Friday, January 09, 2009

Yanking Our Chain

Juan Gonzales continues his crusade against the egregious exploitation of NYC Tax payers by the Bloombergistas-and their partner in crime, the New York Yankees: "Less than three years after they got $942 million in tax-free bonds for a new Bronx stadium, the Yankees are at the public trough again. With our city facing the worst financial crisis since the Depression, and more than 200,000 people expected to lose their jobs by the end of the year, baseball's richest team wants another $260 million in tax-free bonds to help cover a stadium cost overrun of $370 million."

This news comes on top of the Citizens Budget Commission report that underscores just how well Mike Bloomberg (and the city council) has given away the store to the public work force-also at the expense of the city's hapless tax payers. But the stadium is a monument to the mayor's arrogant disregard for reining in costs: "The itemized list of extra stadium costs that city officials released this week is truly astounding. There's $137million to pay for concessions at the new stadium - including a swank new Yankees Steakhouse, a Hard Rock Cafe, a museum and a conference center. The Yankees added most of those items to the stadium budget after the city approved the original financing plan."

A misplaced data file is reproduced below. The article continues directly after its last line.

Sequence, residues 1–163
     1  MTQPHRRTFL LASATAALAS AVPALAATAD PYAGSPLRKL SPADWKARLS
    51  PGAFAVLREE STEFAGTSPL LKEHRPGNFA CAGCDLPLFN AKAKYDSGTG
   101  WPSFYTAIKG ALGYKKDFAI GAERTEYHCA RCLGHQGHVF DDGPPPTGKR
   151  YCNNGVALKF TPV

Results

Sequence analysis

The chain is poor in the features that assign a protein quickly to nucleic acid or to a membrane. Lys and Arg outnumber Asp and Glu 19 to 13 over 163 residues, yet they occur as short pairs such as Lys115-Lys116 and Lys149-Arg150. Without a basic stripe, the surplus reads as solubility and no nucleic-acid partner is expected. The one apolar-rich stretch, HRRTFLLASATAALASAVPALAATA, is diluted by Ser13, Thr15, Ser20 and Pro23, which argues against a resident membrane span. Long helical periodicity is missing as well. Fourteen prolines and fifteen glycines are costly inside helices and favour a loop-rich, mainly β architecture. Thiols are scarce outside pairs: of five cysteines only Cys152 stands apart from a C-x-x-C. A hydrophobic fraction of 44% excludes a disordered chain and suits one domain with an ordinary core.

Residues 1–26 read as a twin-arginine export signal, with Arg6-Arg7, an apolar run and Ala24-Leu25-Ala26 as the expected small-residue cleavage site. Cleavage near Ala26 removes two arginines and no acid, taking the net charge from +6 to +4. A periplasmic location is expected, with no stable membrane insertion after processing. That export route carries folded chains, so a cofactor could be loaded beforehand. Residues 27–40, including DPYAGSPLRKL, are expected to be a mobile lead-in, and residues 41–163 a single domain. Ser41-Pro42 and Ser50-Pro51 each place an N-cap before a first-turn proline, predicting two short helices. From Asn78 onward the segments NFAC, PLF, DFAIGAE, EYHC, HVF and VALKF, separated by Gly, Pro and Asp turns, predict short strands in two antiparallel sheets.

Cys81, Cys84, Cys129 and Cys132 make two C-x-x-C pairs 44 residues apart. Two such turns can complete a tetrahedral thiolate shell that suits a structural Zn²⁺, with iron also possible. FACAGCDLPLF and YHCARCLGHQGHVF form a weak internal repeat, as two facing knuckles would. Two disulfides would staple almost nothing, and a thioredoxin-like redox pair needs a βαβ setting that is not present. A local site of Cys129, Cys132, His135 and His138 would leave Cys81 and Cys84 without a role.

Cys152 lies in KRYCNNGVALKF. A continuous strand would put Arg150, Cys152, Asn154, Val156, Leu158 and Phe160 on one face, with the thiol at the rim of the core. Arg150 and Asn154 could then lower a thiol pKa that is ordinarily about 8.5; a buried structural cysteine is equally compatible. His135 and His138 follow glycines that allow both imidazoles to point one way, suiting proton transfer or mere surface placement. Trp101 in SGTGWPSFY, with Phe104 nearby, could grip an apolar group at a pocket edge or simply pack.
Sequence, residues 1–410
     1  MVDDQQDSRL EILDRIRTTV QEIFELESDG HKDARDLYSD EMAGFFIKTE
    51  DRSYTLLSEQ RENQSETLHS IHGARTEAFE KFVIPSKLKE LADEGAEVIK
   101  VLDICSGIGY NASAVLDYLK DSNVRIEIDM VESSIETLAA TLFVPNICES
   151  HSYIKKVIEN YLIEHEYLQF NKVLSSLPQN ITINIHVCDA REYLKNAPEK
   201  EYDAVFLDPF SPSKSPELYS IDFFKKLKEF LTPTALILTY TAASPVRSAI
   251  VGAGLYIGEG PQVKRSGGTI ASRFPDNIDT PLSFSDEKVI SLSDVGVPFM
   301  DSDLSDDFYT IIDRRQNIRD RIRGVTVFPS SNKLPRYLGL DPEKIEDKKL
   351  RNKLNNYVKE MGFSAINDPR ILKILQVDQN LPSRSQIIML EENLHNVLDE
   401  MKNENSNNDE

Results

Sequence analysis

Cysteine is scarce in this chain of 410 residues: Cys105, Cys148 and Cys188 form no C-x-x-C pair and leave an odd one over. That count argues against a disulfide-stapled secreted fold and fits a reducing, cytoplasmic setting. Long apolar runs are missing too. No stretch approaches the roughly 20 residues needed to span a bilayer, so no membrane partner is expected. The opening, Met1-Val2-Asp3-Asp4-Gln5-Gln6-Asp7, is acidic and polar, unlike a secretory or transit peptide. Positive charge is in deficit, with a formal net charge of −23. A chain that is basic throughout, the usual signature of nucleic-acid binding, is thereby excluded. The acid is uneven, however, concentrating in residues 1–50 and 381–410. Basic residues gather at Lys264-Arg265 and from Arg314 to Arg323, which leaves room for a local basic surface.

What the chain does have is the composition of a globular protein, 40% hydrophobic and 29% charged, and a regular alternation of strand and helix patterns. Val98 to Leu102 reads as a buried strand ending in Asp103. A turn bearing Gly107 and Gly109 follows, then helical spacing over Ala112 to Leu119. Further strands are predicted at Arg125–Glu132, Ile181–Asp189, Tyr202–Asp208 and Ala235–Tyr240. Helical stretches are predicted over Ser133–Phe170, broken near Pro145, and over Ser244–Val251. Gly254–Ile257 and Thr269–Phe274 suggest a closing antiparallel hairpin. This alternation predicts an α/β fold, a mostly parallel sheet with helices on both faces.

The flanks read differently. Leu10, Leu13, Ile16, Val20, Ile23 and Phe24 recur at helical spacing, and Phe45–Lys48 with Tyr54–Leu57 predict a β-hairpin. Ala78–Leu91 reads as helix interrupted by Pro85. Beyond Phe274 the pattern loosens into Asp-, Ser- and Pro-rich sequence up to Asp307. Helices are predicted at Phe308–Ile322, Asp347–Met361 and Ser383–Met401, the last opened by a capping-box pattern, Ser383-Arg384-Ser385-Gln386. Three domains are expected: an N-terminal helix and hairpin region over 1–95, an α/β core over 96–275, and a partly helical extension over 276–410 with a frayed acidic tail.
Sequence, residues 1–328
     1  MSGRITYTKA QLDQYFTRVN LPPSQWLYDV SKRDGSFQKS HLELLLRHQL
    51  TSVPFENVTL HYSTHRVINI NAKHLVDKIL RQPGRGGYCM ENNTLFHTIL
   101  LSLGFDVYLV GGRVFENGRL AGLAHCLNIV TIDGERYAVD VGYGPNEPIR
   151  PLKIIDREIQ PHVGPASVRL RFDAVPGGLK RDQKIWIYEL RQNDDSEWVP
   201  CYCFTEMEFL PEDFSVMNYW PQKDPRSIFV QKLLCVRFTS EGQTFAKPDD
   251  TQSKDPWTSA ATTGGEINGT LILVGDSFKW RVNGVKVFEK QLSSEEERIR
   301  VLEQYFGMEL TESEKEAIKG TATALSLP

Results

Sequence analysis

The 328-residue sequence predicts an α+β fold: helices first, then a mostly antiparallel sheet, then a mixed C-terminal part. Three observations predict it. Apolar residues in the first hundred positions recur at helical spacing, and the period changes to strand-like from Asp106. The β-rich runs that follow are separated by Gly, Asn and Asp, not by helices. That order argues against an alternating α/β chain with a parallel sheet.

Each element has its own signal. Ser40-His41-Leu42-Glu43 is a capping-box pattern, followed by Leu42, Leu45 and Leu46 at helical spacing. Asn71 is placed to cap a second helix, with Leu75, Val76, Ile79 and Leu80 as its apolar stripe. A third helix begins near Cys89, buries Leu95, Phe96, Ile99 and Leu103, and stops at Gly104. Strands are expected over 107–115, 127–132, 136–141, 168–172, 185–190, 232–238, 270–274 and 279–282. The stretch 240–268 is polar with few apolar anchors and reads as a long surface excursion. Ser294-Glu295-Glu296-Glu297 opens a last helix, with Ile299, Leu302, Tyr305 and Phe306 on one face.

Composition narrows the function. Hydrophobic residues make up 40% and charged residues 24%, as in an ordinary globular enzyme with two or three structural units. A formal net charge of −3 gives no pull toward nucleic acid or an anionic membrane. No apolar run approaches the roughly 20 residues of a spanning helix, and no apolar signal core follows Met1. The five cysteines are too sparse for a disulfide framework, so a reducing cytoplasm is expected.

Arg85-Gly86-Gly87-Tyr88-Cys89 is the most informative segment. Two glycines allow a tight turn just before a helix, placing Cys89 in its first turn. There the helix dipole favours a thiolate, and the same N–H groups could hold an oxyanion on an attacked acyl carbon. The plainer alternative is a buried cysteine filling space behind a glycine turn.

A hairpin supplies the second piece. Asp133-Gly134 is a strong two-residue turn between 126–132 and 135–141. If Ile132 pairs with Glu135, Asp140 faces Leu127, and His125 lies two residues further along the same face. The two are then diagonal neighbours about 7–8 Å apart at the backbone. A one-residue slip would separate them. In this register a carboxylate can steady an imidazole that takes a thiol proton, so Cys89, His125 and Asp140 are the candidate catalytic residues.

Critics of the additional funding are calling for a new hearing before the bond vote next week: "This is bizarre," said Assemblyman Richard Brodsky (D-Westchester), a longtime critic of the stadium deal. "We don't have enough money for our schools or the subways, yet they want to give the Yankees money for a steakhouse and granite ramps?" Brodsky joined Assemblyman Jim Brennan (D-Brooklyn) to call an emergency public hearing for Wednesday to review the Yankees' new request."

Clearly, the new stadium, sitting on top of the grave yard of Mullaly Park, is going to be an exquisite example of high class amenities, but why so at the public expense? As Gonzales argues: "Team officials, it seems, are sparing no expense to make this the most luxurious, high-tech structure ever imagined. They have a perfect right to splurge in any way they wish - with their own money. When they're getting a tax break, it's another matter."

Yankee Stadium will end up costing double what the Mets ball park will cost-and the level of subsidy, when seen on top of the callous despoliation of neighborhood green space, will dramatize and characterize just what kind of mindset the mayor brings to economic development: monuments to luxury and excess that treat local folks as nonexistent appendages to private sector greed.